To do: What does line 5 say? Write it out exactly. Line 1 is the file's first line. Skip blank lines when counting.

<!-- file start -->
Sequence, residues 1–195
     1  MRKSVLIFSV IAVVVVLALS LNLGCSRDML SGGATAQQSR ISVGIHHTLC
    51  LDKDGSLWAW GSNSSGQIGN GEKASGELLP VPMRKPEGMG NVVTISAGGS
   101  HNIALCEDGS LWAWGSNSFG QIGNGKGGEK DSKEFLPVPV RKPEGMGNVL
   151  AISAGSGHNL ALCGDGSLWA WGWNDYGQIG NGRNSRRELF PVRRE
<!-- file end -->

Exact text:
   151  AISAGSGHNL ALCGDGSLWA WGWNDYGQIG NGRNSRRELF PVRRE